Outboard Hours



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  • Outboard Hours

    How many hours should one expect to get out of a Honda 225 4 stroke under normal sport fishing use, turning around 4400rpm at cruise with regular service.

  • #2
    I've got close to 800 hours on my Honda 130 HPs with no problems. Have heard of one charter guy with close to 7500 hours.


    • #3
      Impossible to answer

      Considering the maintenance and use variables, however, most newer 4 strokes can go several thousand hours before puking.
      We never really grow up, we only learn
      how to act in public


      • #4
        My understanding is that the big 4-stroke outboards that are making ~1hp per cubic inch have one primary mechanical failure mode, assuming things like fuel quality, lubrication, oil changes, and corrosion/flushing are addressed.

        The outboard I'm familiar with (Honda 225) requires valve adjustment. Meaning, as the valves in your heads wear their way into the valve seats, the pre-set "slack" or clearance is taken up by that wear. If wear proceeds to the point where the valve can't seat itself firmly when not being opened by the cam, then seat erosion quickly destroys the valve seats and you have to do a full on head rebuild.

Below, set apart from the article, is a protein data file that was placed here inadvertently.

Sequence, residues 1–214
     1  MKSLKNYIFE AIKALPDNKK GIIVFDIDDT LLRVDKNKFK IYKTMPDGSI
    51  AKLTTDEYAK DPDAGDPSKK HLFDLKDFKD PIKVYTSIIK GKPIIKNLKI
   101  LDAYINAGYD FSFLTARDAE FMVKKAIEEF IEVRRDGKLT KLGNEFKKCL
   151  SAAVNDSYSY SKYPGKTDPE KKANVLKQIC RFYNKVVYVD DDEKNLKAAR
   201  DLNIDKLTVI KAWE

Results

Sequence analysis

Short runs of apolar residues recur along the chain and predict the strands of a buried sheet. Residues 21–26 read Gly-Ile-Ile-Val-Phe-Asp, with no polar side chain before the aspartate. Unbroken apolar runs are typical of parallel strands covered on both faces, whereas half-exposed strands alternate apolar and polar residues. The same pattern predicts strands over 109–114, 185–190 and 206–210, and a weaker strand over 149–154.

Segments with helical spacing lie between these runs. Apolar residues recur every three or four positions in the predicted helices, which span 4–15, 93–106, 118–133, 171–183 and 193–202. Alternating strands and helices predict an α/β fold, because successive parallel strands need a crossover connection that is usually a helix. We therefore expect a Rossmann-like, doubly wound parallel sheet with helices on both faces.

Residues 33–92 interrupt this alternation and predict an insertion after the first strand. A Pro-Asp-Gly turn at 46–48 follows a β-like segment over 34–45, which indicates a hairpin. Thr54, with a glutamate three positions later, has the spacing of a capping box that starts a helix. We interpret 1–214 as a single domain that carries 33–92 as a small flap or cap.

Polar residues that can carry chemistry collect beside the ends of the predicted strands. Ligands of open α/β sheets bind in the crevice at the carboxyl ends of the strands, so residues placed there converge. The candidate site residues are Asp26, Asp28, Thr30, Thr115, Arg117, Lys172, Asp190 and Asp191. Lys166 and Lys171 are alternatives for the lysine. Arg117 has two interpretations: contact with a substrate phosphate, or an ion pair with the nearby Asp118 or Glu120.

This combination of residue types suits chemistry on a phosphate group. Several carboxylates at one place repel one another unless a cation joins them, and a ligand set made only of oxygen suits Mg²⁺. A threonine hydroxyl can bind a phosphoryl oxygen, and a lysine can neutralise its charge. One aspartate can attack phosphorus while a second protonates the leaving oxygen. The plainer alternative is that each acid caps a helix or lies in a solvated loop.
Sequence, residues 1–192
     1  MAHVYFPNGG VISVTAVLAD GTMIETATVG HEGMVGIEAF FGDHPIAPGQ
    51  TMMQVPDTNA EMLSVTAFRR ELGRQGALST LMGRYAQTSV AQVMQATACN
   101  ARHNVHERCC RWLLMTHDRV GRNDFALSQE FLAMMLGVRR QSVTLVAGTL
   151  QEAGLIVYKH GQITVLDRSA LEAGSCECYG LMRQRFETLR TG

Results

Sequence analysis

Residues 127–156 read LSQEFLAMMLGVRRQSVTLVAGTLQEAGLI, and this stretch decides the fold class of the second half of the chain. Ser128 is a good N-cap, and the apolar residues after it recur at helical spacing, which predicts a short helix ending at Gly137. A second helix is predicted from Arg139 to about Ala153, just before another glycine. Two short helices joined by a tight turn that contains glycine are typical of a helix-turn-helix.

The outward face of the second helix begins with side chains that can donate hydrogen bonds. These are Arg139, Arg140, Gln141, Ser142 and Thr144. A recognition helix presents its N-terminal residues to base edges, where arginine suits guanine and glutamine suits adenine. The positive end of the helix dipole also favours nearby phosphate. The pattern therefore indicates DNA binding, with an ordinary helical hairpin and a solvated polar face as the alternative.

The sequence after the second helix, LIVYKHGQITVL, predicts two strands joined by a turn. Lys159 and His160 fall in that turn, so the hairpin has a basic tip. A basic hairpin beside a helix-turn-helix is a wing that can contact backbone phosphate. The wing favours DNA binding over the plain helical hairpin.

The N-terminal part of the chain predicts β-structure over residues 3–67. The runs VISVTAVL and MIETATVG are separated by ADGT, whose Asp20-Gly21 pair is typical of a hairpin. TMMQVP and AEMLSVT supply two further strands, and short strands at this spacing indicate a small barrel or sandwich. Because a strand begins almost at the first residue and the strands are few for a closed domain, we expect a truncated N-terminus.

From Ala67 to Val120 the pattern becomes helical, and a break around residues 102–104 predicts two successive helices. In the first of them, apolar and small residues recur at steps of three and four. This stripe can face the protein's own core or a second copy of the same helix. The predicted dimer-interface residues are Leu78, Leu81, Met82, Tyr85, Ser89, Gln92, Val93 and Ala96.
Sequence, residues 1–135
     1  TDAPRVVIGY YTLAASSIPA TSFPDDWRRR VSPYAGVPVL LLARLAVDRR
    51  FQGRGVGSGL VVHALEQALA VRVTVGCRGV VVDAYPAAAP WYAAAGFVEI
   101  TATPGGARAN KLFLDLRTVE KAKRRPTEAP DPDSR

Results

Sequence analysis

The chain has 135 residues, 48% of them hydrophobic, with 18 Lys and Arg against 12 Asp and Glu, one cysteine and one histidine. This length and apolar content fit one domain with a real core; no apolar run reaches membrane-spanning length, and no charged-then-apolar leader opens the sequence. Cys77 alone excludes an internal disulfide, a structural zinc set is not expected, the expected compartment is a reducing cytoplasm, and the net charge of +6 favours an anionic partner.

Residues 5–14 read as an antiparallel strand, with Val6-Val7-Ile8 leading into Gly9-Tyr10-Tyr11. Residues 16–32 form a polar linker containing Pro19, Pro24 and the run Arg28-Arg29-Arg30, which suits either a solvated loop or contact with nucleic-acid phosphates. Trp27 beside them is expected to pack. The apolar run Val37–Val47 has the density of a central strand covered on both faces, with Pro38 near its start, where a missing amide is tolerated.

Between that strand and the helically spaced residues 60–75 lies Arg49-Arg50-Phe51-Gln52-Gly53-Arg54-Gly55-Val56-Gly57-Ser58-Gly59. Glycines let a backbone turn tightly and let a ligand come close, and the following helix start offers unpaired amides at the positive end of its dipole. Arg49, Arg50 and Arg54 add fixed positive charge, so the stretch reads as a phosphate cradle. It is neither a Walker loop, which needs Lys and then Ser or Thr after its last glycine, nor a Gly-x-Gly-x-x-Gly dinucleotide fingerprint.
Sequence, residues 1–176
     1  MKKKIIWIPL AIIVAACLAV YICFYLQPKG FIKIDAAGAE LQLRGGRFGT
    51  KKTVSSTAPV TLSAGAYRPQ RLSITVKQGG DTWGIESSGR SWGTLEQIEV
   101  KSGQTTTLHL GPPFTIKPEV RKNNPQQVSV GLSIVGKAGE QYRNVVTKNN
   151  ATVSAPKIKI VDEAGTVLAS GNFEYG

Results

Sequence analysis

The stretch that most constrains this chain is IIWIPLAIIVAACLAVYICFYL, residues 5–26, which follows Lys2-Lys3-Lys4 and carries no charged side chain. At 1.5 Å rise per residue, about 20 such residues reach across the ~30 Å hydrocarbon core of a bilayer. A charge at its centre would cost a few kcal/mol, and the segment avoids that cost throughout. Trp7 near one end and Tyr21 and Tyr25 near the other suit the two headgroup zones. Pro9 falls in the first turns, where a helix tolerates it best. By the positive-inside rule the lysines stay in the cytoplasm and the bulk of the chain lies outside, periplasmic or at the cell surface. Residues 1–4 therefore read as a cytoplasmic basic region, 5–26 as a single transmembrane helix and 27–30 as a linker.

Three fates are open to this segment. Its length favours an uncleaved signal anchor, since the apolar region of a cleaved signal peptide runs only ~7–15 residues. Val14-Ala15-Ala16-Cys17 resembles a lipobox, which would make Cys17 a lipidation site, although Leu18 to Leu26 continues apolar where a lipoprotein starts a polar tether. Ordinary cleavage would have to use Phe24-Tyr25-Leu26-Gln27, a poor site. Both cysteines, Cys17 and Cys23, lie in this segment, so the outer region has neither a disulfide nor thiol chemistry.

My recollection of a conversation with one of the guys at Stormchasers in Seward was that the interval for checking and resetting valve clearance is 500-1000 hours. Probably not a bad thing to do every 500 hours for the recreational boater.

        Engine life for the most part is anecdotal. I've heard stories of coast guard honda 225s lasting over 3000 hours. I think that for the recreational boater, corrosion, electrical gremlins, and fuel quality issues claim more outboards than any sort of hard component mechanical failure...


        • #5
          Also keep in mind...

          it seems most machinery (outboards, heavy equipment, semi-trucks, etc.) like to be run. Hear lots of issues with rebuilt powerheads, etc. even if the hours are low on the motor. I'd be willing to bet that if people would fire up their engines periodically on a regular basis, the overall lifespan would increase dramatically. Don't things like oil pumps, bearings, seals, etc. need routine lubrication? I realize this is hard to do if your boat is buried under 10' of snow.
          With almost daily use, I've witnessed (4) Volvo I/O's (AD41's I think) & DP drives go OVER 10k hours, each and every one of them. These were in charter boats, twin engine setup, used year 'round. I think the older boat that got sold went to 15k hours and finally needed serious attention because why? The boat sat around and never got used (we know the guy who bought it and watched it sit pretty neglected). Yes, maintenance is a religion. None of those motors had any major rebuild work done; replaced normal things like water pumps, I think 1 injector pump, motors were pulled around 8 or 9k hours and cleaned up & re-painted, put right back in. Outdrives required a little more care/attention as we had to run them tilted way up over a natural sand channel & reef on the way out/in from each trip. I firmly believe that those packages lived long lives because they were worked & maintained. It's probably better to find a boat/engine setup with lots of hours and maintained well then a newer boat with low hours that was neglected.
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